The State Bar is basing its disciplinary case against the judge on the same issues that led to a sanction from the Judicial Standards Commission. The judge received a “public reprimand” two years ago for misuse of power in a dispute with the Kill Devil Hills police chief and the county’s district attorney.

Local politics can sometimes be messy, and there is more to this story than just an arrogant judge. But there is a limit to what behavior could/should be allowed behind the bench, unless we want to spiral even deeper into feudalism:

Daily dose: GOP fishing expedition version

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GOP requests 14 years of records from Attorney General Roy (Raleigh News & Observer) -- In five detailed requests, one for each day of “Sunshine Week,” the N.C. Republican Party asked for every email, Twitter, Facebook post, and correspondence Democratic Attorney General Roy Cooper and his senior staff sent or received in the past 14 years. It also asked for every Twitter and Facebook message, official appointment, expense report, official opinion and internal memo from the attorney general’s office since 2001. “We routinely get public records requests, including large ones, and consider fulfilling them to be a part of our jobs,” spokeswoman Noelle Talley said.
http://www.newsobserver.com/news/state/north-carolina/article15529301.html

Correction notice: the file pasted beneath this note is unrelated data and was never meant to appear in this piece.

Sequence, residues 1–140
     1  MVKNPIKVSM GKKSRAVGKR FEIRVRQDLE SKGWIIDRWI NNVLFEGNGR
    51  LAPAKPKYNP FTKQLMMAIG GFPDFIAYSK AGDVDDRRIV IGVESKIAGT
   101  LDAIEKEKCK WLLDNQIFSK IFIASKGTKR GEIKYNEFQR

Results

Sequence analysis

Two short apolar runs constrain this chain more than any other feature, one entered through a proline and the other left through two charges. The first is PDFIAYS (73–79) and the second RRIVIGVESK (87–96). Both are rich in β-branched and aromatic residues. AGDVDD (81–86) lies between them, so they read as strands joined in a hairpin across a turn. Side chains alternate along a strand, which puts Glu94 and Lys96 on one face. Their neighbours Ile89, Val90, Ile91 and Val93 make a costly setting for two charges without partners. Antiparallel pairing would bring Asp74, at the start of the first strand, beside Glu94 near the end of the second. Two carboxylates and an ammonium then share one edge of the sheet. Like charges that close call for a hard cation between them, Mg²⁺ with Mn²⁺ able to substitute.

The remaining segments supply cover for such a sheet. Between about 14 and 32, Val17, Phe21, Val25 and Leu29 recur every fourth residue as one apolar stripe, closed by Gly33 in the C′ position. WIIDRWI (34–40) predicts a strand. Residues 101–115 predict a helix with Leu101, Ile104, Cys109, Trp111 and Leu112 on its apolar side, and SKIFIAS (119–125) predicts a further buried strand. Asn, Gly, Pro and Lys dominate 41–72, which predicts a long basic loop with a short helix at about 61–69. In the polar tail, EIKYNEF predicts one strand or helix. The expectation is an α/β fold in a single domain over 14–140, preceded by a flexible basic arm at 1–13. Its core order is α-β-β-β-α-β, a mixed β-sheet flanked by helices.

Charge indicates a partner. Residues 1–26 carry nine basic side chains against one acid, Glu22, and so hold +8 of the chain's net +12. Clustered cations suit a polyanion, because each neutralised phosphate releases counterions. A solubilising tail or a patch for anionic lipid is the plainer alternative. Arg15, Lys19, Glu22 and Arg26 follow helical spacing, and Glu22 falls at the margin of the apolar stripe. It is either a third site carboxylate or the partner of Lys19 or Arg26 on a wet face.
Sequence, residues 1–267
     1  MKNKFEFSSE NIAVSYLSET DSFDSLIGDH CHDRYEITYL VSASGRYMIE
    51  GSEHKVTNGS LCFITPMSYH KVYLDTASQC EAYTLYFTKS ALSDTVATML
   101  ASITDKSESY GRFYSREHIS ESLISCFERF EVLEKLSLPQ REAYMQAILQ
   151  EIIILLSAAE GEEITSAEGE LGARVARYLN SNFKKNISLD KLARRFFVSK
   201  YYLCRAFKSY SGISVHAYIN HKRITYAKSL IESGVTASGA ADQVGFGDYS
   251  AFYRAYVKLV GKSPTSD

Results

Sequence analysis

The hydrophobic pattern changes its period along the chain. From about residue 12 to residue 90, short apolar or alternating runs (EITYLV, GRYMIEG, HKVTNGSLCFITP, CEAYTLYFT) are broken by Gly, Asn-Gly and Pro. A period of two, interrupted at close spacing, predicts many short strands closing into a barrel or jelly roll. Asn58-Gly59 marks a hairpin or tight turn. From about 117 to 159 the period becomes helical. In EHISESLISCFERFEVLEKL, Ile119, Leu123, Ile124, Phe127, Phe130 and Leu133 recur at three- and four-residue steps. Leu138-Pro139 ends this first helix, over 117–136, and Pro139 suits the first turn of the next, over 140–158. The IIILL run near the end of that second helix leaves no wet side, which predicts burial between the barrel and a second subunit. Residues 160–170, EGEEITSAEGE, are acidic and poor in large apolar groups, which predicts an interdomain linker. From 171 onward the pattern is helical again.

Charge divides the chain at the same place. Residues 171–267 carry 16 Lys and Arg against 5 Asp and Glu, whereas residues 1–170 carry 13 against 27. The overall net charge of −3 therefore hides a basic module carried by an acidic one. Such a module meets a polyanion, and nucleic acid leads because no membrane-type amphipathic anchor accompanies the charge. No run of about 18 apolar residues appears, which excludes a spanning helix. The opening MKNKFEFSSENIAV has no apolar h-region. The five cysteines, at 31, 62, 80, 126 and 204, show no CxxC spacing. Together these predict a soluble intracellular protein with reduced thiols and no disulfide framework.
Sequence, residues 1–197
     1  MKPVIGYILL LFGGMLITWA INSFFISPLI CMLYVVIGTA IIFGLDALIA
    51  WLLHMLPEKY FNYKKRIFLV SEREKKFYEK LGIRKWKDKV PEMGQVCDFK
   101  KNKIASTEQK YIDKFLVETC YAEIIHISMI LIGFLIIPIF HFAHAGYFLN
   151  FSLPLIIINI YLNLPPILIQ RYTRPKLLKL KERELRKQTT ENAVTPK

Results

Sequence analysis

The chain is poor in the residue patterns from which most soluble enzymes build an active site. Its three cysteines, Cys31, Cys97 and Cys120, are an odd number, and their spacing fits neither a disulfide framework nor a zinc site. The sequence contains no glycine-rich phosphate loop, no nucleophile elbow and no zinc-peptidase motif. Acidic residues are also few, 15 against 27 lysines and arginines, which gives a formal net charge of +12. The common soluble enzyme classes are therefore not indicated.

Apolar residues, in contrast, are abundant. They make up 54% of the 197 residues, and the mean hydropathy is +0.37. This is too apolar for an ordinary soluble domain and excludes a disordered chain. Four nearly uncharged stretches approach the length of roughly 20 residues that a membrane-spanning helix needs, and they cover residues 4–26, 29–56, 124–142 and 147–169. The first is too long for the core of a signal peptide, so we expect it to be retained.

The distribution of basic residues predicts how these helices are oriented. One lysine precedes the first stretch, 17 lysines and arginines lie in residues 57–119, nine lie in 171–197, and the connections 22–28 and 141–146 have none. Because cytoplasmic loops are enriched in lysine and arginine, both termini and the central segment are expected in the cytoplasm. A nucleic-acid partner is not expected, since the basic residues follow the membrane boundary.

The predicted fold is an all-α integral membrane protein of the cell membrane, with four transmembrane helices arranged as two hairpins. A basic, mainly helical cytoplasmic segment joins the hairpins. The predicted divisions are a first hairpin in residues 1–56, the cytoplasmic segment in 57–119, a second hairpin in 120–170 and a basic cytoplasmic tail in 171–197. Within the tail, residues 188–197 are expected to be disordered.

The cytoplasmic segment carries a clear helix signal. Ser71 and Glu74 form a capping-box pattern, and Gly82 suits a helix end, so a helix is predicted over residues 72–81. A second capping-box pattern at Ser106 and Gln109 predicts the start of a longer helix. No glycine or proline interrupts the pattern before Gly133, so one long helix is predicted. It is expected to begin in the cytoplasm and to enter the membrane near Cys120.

Protest petitions headed for the junk heap

Taking the power away from the people:

When property owners want to change the types of activities allowed on their land, they file for rezoning. In Vojta's example, Sheetz wanted to build a gas station on land that had been used for single-family homes. A protest petition allows neighbors of the property to slow down that process.

"I cannot think of a real reason why it should take more of a majority to pass a zoning change than for us to approve a constitutional amendment," Rep. Paul "Skip" Stam, R-Wake, told the committee Thursday. If his bill were to pass, land use decisions would require a simple majority to pass, the same as tax increases and most other council decisions.

That's comparing apples and Orange Julius, Skip. The difference between a simple majority and a supermajority on a town/city council is one or two votes, whereas the Legislature the difference is a couple dozen votes. But since you bring that up, maybe you can explain why it (apparently) doesn't even require a majority of votes for some Republicans to declare if something passes or fails a vote: